How do you prioritize work packages/deliverables?
Completing a project requires breaking the project down into work packages and prioritizing the work packages. How do you prioritize work packages? What factors do you consider to prioritize one work package over another? What is the process for analyzing work packages?
What is the framework for prioritizing tasks within a project?
My recollection is that this general question or variations of it have been asked more than once, so I hope that generalizing it will lead to a Q&A that will serve as a reference for the future. Of course I could be wrong......
This is largely inspired by @DavidEspina's answer to a largely unrelated question "Conflict between priorities and skillsets in the backlog in which he outlines a potential framework for prioritizing work. I want to avoid the scrum bias of that question, but I would prefer answers that address skillset challenges. I've recontextualized to work packages to draw a distinction from How to prioritize features; Mr. Espina has an answer there as well, but that question references features in a product, and I'm trying to generalize to work packages/deliverables/tasks within a project. For the purposes of this question consider tasks and work packages synonymous (technically also synonymous with deliverables within this context). While there are distinctions between the terms, the only prudent response to discussion of those distinctions is to retreat rapidly and flee.
How do you track and measure multitasked work and deliverables between different teams - For this question I want to ignore multitasking and team deconfliction.
At what level should the Product Owner prioritize work? - This question is tied to scrum; I'm asking about project/program/portfolio management, not about scrum.
All answers should extend beyond the Eisenhower matrix
There is a presumption with projects that all identified work packages, activities, and tasks are necessary and required for the successful completion of the project. Within the context of the project, nothing is deemed elective. There can be some debate, perhaps, that some activities could have been avoided, such as the fifth and sixth coat of paint on the wall, something attached to quality that may or may not be measurable; however, this answer assumes that the method chosen produces value that is both desired and measurable and, therefore, necessary.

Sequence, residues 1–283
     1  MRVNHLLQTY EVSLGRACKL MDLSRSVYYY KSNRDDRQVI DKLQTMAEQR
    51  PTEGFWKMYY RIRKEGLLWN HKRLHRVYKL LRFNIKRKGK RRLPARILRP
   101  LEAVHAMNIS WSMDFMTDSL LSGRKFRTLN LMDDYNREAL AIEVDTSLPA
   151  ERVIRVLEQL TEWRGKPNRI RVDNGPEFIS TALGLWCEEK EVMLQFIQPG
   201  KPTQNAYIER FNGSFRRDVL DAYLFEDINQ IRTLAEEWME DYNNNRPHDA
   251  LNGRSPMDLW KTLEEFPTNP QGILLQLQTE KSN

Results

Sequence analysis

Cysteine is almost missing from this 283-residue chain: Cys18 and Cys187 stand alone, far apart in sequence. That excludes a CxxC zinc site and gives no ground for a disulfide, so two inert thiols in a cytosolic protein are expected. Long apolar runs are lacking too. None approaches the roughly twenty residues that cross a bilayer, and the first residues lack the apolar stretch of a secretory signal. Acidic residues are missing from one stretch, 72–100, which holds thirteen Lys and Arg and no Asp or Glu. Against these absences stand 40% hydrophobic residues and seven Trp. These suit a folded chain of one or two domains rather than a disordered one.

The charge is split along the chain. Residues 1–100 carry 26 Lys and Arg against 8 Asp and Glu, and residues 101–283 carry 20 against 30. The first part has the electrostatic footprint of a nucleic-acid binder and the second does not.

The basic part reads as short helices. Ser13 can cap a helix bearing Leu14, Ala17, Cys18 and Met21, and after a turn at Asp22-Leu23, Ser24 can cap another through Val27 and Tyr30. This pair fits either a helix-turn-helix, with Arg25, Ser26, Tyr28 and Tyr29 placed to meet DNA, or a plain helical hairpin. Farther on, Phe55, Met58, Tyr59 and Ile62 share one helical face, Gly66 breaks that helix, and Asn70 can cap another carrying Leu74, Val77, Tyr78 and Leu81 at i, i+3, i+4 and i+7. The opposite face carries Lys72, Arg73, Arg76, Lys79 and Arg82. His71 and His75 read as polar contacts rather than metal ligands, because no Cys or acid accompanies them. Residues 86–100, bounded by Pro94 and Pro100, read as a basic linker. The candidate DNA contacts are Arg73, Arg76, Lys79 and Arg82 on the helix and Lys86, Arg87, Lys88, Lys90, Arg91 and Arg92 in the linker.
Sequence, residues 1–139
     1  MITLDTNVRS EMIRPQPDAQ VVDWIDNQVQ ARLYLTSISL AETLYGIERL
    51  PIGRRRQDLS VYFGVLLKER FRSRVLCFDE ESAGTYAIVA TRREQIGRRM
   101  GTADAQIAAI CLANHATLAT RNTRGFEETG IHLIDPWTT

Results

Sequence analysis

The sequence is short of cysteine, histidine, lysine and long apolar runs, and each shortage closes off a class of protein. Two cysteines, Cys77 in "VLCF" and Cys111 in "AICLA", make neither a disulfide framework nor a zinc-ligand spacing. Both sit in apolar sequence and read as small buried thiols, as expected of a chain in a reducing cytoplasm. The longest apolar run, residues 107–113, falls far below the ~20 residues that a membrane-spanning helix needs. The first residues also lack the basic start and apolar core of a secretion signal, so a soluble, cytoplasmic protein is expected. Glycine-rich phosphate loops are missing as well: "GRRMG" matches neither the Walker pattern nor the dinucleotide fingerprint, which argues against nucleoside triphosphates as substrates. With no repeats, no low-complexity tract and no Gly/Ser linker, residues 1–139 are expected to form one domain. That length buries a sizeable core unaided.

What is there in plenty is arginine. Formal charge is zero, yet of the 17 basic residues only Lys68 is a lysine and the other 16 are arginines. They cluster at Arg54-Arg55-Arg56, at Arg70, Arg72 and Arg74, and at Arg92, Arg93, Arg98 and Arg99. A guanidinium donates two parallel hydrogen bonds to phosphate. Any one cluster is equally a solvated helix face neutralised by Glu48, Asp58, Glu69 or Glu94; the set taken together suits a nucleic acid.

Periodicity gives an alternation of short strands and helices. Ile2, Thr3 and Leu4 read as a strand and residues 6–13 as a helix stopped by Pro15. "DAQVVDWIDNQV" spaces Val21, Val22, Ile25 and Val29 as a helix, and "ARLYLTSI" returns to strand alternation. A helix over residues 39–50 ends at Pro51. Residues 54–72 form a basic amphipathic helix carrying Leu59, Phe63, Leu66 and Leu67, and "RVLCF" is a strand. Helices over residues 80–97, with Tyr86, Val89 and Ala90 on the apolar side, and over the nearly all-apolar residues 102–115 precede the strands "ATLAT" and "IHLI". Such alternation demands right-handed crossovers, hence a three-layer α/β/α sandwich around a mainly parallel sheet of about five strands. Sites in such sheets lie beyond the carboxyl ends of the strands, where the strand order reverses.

I think there are three ways work packages / tasks are prioritized within the context of a project:
- A naturally occurring predecessor / successor relationship of the work packages;
- A material and labor resource-induced predecessor / successor relationship of the work packages; and
- A matter of choice based on logical criteria.
I think these three occur in this order for solutioning the sequence of work by way of precedence. Solve #1, then #2, and then #3.
Number one assumes that task A must be performed and completed before Task B (there could be some leads and lags built in for some tasks in a logical way). For example, you cannot paint a wall until the wall boards are hung. You cannot hang the wall boards until the frame is up.
Number two assumes that task B cannot be completed until task A is complete because of the availability of either materials, tools, and / or labor. Either A or B could have gone first but, once that has been decided, then the other cannot go until the first is finished.
Number three assumes you have no other logical constraint in prioritizing and scheduling the work. I suspect in most cases, choosing one over the other yields no real benefit or penalty; however, in those cases where it might, then prioritizing the tasks using the same scoring method of benefit, penalty, cost, and risk could be used. It is a time consuming and expensive activity so I would reserve it for only those times where I predict problems if I did not choose wisely, typically around stakeholder disagreement.